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"The Beauty of the Beast" - The Picture of Dorian Gray- Standard Editing


angelusfanatic 3 / 14  
Jan 6, 2011   #1
Hey everyone, if you haven't read The Picture of Dorian Gray its fine, I just need some basic editing on my essay. My Closing needs quite a bit of work and also the whole thing is supposed to be in present tense. I have quite a bit in past tense but I have trouble changing the whole sentence over so I would greatly appreciate some help. Thanks!

The Beauty of the Beast

The concept of how beauty corrupts the soul is explored in depth as a critique on the overvaluing of beauty in society. The Picture of Dorian Gray exemplifies how innocence can be distorted by favoring looks over moral correctness; this is most notably done in Dorian Gray as he transitions from a youthful kindhearted man into one of malevolence, merely imitating beauty. Oscar Wilde illustrates the value of virtue over beauty through the display of sin and corruption as it is painted over the Adonis-like face of Dorian. The absence of visual consequence for his actions is seductive to Dorian as he loses his soul and becomes content with having only his looks; this process of moral decay epitomizes the theme of how beauty corrupts the soul.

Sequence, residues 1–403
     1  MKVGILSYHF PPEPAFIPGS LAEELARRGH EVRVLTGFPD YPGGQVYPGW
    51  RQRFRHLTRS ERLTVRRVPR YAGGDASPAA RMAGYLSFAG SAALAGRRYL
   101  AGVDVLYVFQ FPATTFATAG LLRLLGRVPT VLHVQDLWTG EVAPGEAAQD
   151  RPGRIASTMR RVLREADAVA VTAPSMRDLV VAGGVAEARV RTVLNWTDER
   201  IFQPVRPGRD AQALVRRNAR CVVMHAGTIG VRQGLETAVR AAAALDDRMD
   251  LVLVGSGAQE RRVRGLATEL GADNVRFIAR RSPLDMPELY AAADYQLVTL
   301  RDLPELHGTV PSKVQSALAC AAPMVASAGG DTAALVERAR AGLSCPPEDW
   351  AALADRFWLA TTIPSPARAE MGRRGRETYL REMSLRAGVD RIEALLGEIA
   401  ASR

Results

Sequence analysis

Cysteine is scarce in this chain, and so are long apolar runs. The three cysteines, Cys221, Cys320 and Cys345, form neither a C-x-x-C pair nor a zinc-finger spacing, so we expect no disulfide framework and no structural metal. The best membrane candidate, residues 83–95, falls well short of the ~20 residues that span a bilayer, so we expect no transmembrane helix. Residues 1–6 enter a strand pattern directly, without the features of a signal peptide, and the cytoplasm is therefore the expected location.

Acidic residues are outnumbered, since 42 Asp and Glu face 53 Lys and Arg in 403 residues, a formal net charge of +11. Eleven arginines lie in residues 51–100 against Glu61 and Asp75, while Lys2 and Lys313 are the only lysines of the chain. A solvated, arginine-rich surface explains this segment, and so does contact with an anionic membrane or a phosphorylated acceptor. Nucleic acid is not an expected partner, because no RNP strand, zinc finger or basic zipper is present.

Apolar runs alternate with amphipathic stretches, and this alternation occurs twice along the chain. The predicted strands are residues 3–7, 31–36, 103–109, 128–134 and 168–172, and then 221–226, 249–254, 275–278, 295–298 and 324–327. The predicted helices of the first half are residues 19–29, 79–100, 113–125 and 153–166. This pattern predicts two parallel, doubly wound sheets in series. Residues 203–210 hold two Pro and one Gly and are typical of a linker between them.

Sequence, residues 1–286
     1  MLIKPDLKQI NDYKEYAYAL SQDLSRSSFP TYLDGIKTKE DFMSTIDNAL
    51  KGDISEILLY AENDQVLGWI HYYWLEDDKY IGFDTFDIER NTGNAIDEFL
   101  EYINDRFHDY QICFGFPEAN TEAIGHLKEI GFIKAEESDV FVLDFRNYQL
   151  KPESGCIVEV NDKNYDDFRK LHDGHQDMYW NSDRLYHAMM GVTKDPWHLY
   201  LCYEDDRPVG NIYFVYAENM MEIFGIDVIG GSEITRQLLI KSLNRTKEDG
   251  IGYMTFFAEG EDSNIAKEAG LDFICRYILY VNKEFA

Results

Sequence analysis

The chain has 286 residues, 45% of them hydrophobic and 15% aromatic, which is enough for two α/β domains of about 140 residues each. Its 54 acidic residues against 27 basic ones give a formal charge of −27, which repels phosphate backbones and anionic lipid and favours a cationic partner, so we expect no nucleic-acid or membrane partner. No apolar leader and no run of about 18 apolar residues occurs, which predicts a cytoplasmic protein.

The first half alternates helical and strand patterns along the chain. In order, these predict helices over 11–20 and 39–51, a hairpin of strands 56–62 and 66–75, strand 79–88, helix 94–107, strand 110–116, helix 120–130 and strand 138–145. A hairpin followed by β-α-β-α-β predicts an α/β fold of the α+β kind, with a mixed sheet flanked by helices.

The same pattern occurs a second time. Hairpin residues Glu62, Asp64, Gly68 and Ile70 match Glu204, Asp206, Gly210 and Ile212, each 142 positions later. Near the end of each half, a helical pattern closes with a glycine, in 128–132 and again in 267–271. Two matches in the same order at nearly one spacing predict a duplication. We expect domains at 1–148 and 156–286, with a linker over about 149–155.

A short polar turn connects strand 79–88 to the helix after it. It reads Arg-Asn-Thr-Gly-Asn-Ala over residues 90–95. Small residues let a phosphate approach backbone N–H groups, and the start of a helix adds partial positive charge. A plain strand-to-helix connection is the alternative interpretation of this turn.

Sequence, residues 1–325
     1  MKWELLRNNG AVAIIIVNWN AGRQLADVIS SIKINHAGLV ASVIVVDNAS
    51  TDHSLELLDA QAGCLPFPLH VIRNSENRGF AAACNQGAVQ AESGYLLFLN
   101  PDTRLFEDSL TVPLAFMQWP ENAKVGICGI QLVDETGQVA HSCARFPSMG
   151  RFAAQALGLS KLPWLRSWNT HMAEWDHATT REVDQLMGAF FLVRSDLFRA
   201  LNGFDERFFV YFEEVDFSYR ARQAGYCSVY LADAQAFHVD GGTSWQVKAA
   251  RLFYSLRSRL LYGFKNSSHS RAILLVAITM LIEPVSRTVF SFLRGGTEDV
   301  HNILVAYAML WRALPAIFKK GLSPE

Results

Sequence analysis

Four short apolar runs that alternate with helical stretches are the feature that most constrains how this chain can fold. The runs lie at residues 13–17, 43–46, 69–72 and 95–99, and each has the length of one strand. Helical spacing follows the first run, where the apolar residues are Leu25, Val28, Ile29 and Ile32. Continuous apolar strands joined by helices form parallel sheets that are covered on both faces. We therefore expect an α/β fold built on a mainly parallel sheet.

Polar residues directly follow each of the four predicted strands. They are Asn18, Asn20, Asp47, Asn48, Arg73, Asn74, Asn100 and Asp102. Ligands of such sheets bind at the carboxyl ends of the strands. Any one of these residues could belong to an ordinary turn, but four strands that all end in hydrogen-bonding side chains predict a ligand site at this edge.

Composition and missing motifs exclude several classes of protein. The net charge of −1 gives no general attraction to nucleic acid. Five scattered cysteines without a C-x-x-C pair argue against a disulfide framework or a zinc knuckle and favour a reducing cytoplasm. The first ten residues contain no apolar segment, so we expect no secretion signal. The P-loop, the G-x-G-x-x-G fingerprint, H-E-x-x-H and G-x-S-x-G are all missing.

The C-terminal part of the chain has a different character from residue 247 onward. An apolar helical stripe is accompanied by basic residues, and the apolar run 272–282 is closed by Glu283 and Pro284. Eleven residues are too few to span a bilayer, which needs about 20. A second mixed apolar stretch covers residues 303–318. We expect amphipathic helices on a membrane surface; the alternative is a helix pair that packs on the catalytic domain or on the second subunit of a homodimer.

In The Picture of Dorian Gray, two of the main characters, Basil Hallward and Lord Henry Wotton, serve as foils to Dorian. Basil is a painter who admires Dorian so much for his beauty that he quite nearly loves him. Lord Henry on the other hand is full of corruption and attempts to twist Dorian's innocence to match his own views, believing that "the only way to get rid of a temptation is to yield to it" (21). Although Basil tries his best to keep Lord Henry and Dorian separate, they eventually meet and become friends, allowing Lord Henry to teach Dorian how he lives his own life and impart such ways upon him. As the novel progresses and the characters evolve we see the two opposing sides that Basil and Lord Henry symbolize; Lord Henry representing the evil of society, while Basil represents the good. This struggle tears Dorian between his two companions and eventually leads him to kill Basil. This example makes it quite evident how beauty corrupts Dorian Gray to kill someone so close to him. Dorian is at first uncaring to his good looks, even remarking "I don't want a life-sized portrait of myself," to Basil during one if his sittings (17). However this sweet boy becomes horrid as his sins reflect on his portrait, with "the eyes of a devil," and described by Basil, who once had the utmost admiration of Dorian, as "worse, even, than those who talk against [him] fancy [him] to be" (161). This dramatic alteration in Dorian's action show that he gives over to the seduction of evil, becoming numb even to the brutal murder of his friend and only describing the body as "the thing" (163). The self indulgent life of Lord Henry in association with the loss of his soul, cause Dorian to excuse his activities as "[Basil's] murder [being] simply the madness of a moment. As for Alan Campbell, his suicide had been his own act. He had chosen to do it. It was nothing to [Dorian]" (227). This neglect for emotion and dead sense of compassion truly show how corrupted Dorian has become from his utter regard for beauty. In addition, Dorian Gray's battle between good and evil is even displayed in the symbolism of his last name "Gray," which truly shows the ambiguity of Dorian's morals.